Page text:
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Back Island Stir On monopolies and the Horizon pullout

On monopolies and the Horizon pullout

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THE big business news of the week, probably even of the year, was Horizon Lines’ announcement that it was pulling out of the Guam market.
To be sure, this was not really unexpected. The carrier has been saddled by almost half a billion dollars in debt and had even contemplated declaring bankruptcy at one point.

With Horizon hard-pressed to cut costs on all its operations, it was inevitable that it would let go of its Guam service, which has not really been that profitable for them, since its competitor on Guam, Matson Navigation, handles the bulk of the cargo containers coming here.

At the same time, the average price of bunker fuel has climbed more than 40 percent since the launch of the service. This is the reason why Horizon’s pullout announcement was so quick and sudden. The prohibitive price of bunker oil simply prevents any prolonged farewell as far as Horizon is concerned.

Horizon also stressed that the delay in the Guam buildup has made the Guam trade no longer financially viable for the company. This just proves that the delay in the Guam buildup has truly affected the business sector tremendously, with many companies’ plans put on hold because of all the uncertainty.

Will Horizon’s abrupt pullout affect the island’s retailers, at least those who ship with Horizon? Remember that Guam’s retailers have to deal with a long turnaround time because of the island’s long distance from the mainland. Let’s hope there won’t be any major disruption, otherwise it may be a meager holiday season for all of us in terms of buying choices.

Horizon’s departure now leaves Matson Navigation as the only carrier servicing the Guam trade. And it is not just Guam that is affected by this, but the neighboring islands as well because they get all their cargo using Guam as the transshipment point.

In a statement issued immediately after Horizon’s announcement, Matson assured customers that it has the vessel capacity and necessary equipment to handle the additional volume.

Dave Hoppes, Matson senior vice president, ocean services, said this commitment extends to the Commonwealth of the Northern Mariana Islands, the Republic of Palau, the Federated States of Micronesia, and the Republic of the Marshall Islands as well.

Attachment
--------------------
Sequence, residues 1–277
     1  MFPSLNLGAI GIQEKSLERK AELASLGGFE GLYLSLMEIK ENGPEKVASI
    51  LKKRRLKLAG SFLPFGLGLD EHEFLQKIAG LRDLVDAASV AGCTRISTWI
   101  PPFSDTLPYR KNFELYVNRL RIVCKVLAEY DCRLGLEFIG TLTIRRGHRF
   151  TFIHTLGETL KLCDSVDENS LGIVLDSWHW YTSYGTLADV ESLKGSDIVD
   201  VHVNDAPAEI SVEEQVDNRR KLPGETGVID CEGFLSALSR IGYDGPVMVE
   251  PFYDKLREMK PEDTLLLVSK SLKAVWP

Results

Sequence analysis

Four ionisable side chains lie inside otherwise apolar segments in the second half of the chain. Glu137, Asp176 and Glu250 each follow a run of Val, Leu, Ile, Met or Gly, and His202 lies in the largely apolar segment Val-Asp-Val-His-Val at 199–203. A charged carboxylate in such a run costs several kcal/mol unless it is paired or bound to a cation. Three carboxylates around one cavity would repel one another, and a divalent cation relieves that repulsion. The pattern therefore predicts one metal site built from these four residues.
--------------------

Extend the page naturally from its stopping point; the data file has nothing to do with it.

Perhaps it is just as well that only one carrier remains to service Guam and the neighboring islands at this point in time. As Horizon’s announcement stated, shipping capacity for our part of the world “continues to outpace demand.” This simply means that the Guam market is not that attractive, profit-wise.

Even when Horizon was operating, both Horizon and Matson ships seldom got full loads. Matson has acknowledged this, saying it can maintain existing levels of service without requiring any new fleet deployments.

And remember that Matson itself is not exactly in the pink of health and it is only lately that the company has begun to recover from its own financial problems. That, plus the fact that it too has to deal with the increase in bunker fuel prices, the downturn in Chinese freight, and the delay in the military buildup, which the company had been relying on to boost revenues.

Still, Matson is now truly a monopoly in the Guam trade and the thing with monopolies is that despite their best intentions, there is still that temptation to arbitrarily raise prices and change services without a by-your-leave. Also, we’ll no longer have any alternative in case a Matson ship breaks down or the company suffers from a labor strike in the West Coast.

Here’s hoping that another carrier picks up from where Horizon left off so that shipping competition remains in our part of the world.

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